DETECTIVE PIKACHU was shot on film. Don’t you forget it. Both Film Twitter and John Mathieson, director of photography for The Pokémon Company’s first foray into live-action pocket monster adventure, ensure that you never will, the former a whole lot more tongue-in-cheek than the beef-starved latter. The result of Warner Brothers and Legendary Entertainment Postmating their very own (very expensive) DEADPOOL clone, DETECTIVE PIKACHU comes 24 years after the arrival of cinema’s first entirely CG protagonist in Brad Silberling’s CASPER, a film that caused me to erupt into crying hysterics when my parents had to explain that the friendly ghost was not real. He was an image, a fictional character. “But why? He’s so nice,” I pleaded and yelped in between tears, as I got my first salty taste of cinema’s inherent artifice. That was just one (1) friendly ghost: despite the film’s numerous shortcomings, I cannot imagine the power that DETECTIVE PIKACHU will have over the legions of children who must reckon that not only is the realistically animated Pikachu not real, but neither are the 50+ other cuddly and personable Pokémon roaming the purple-light-soaked streets of Ryme City.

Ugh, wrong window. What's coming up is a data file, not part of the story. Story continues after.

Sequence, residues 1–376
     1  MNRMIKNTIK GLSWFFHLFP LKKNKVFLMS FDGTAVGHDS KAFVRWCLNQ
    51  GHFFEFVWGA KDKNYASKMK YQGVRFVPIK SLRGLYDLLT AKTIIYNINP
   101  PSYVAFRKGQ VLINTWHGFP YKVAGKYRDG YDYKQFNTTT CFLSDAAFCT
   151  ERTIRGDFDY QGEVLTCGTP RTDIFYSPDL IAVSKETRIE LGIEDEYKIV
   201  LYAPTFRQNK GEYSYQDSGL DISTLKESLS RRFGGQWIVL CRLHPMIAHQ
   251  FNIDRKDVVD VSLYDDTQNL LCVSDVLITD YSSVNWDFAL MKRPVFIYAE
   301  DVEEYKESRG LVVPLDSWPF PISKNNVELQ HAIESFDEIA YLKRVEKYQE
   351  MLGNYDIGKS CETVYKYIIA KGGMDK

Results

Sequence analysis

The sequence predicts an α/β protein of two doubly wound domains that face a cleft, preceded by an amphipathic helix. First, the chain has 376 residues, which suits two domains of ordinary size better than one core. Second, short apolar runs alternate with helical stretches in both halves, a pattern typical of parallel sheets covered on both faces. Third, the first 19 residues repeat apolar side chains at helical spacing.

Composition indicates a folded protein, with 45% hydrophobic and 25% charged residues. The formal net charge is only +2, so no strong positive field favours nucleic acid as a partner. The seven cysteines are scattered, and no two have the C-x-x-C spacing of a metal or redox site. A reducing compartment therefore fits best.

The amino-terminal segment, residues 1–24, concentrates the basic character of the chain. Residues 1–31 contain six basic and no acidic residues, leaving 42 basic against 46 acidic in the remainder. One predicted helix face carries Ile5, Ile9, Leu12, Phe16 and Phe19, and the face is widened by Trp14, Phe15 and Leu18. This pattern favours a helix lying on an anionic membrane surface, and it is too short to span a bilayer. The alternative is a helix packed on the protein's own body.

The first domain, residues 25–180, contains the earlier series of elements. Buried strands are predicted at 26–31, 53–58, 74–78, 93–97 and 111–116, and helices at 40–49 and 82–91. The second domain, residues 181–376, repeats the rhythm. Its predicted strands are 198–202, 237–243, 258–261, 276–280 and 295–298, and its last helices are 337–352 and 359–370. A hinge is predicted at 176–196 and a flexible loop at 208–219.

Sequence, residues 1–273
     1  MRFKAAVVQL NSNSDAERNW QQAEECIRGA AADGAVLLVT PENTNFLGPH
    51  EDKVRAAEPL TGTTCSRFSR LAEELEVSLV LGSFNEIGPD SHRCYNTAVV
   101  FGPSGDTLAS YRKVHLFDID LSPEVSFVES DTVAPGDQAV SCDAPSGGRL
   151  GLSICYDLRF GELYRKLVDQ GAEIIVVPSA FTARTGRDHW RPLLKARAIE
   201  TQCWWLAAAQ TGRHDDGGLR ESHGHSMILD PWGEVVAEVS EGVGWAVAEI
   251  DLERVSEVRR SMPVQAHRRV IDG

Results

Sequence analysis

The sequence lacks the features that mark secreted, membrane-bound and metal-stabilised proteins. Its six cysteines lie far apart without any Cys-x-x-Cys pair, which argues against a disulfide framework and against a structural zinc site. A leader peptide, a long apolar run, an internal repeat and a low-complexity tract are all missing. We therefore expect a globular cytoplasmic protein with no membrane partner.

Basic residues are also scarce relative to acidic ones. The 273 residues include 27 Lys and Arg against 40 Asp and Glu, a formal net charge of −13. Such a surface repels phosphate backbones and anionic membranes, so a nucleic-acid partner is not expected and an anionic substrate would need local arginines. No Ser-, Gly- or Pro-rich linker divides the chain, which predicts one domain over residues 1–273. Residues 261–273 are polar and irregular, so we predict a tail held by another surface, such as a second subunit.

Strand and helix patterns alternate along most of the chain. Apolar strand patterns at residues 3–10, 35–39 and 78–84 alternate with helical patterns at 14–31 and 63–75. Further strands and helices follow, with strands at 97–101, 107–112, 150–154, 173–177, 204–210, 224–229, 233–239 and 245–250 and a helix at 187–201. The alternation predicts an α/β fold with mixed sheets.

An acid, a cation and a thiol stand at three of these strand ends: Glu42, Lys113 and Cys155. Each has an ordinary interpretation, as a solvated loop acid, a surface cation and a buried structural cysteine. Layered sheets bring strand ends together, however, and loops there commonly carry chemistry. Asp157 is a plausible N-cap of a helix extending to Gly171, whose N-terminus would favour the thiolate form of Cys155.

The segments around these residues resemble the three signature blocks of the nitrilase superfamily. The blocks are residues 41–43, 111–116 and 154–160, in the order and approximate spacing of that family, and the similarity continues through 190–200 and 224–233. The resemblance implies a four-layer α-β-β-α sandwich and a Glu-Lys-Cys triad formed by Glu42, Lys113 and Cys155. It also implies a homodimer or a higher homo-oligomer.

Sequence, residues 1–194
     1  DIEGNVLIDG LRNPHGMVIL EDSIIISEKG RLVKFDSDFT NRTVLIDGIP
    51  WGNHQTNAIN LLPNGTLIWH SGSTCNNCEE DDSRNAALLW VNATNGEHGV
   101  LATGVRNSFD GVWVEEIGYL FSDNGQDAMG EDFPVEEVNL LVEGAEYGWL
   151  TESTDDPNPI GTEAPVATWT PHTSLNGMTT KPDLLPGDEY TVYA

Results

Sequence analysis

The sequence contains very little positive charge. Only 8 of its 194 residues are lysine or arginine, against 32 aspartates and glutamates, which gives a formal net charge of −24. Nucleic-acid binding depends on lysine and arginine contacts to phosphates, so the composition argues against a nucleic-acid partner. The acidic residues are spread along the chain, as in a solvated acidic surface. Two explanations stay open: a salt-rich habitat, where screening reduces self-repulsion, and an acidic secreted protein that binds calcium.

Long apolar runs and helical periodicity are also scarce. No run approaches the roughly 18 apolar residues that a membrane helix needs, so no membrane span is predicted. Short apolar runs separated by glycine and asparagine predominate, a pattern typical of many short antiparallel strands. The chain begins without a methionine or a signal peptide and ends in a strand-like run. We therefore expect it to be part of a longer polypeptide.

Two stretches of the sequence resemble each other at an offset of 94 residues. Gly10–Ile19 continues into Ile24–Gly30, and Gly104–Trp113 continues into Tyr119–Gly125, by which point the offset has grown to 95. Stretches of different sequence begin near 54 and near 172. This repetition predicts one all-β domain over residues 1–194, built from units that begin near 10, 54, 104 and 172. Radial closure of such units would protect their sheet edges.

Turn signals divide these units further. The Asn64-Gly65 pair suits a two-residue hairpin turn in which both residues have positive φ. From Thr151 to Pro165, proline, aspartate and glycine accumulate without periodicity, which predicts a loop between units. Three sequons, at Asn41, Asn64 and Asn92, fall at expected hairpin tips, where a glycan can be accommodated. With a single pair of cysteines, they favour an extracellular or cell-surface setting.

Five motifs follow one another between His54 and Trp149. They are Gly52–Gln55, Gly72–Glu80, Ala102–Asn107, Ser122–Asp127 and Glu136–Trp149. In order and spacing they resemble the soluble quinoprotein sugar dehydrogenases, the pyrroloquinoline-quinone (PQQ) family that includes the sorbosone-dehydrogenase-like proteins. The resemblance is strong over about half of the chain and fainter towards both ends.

TRUE DETECTIVE SEASON 4